(11) Fess up: The collection which you so altruistically maintain you were eager to take up actually galled and chafed you at first, didn’t it? The pillars were strong-arming you, no? (See here and here.)

(12) Fess up (take 2): It must have burned you at Antioch, not being able to call out Peter and James for the liars they were, for going back on their word and breaking the Jerusalem deal. “Hypocrisy” is quite an understatement, no? What did you say to Peter when you got him alone out of earshot of everyone else? (See here.)

Thanks for your time, dude.

Pistis Christou in the Apostolic Fathers

Michael Whitenton has written a helpful essay on the usage of πίστις Χριστοῦ (“faith [in/of] Christ”) in the apostolic fathers. Anyone and everyone who has something at stake in the ongoing πίστις Χριστοῦ debate should take the time to read it.

It’s a no-brainer that later church fathers (c. 150-430 CE) cited Paul’s usage of πίστις Χριστοῦ in a clear objective genitive sense: “faith in Christ”. But the evidence of the apostolic fathers (c. 70-150 CE) is more murky. While they weren’t citing Paul, their usage of πίστις Χριστοῦ could nonetheless represent possible transmissions of Pauline traditions, and this is what Whitenton seems to believe.

He surveys all the uses of πίστις by the apostolic fathers, classifying them into one of three categories:

(1) πίστις is modified by a personal genitive substantive in a clearly subjective manner, though the referent of the genitive is neither God nor Christ — 13 cases (I Clement 1:2, 5:5-6, 58:2; Ignatius to the Ephesians 9:1; Polycarp to the Philippians 1:1-2; Didache 16:2, 16:5; Barnabas 1:5, 1:6, 2:2, 4:9; Shepherd of Hermas, Vision 4:2:4, Similitude 9:26:8)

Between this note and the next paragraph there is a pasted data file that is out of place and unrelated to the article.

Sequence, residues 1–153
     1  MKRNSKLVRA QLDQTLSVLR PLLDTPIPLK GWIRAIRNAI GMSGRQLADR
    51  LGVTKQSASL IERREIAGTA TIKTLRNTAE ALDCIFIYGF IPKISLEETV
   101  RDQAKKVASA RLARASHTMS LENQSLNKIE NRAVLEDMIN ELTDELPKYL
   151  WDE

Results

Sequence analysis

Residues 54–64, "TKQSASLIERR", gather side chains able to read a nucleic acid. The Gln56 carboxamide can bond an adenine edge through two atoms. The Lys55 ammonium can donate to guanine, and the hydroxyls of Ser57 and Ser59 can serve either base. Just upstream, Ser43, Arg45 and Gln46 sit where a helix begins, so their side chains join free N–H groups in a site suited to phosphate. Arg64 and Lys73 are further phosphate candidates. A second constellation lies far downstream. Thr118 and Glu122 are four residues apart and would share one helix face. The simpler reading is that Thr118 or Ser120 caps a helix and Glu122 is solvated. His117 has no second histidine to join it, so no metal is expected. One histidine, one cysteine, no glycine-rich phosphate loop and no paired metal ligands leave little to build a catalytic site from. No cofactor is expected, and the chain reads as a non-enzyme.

(2) πίστις is modified by a personal genitive substantive in an ambiguous manner (i.e. either objectively or subjectively, or other), referring to God or a divine spirit — 4 cases (I Clement 3:4, 27:3; Ignatius to the Ephesians 16:2; Shepherd of Hermas, Mandate 11:9)

(3) πίστις is modified by a personal genitive substantive in an ambiguous manner (i.e. either objectively or subjectively, or other), referring to Christ — 11 cases (Ignatius to the Ephesians 20:1, to the Magnesians 1:1, to the Romans Inscription; Polycarp to the Philippians 4:3; Barnabas 4:8, 16:9; Shephered of Hermas, Vision 4:1:8, Mandate 11:4, Similitude 6:1:2, 6:3:6, 9:16:5)

The first category is listed without commentary, “simply for sake of completeness” (p 6), and frankly I don’t think they have any bearing, or shed much light, on cases involving the modifier of God or Christ. So it’s the second and third categories that concern us.

Of the four cases in category (2), Whitenton finds that the first favors an objective reading, “faith in God” (I Clem 3:4); the second favors either reading, but the scales tip in favor of a subjective one, “the faithfulness of God” (I Clem 27:3); the third refers to a “teaching from God”, meaning that a genitive of source is in view (Ign Eph 16:2); and the last denotes a pledge from a divine spirit, meaning that πίστις is better translated “proof” of God’s spirit, rather than “faith” or “trust” [in/of] God’s spirit (Herm Mand 11:9).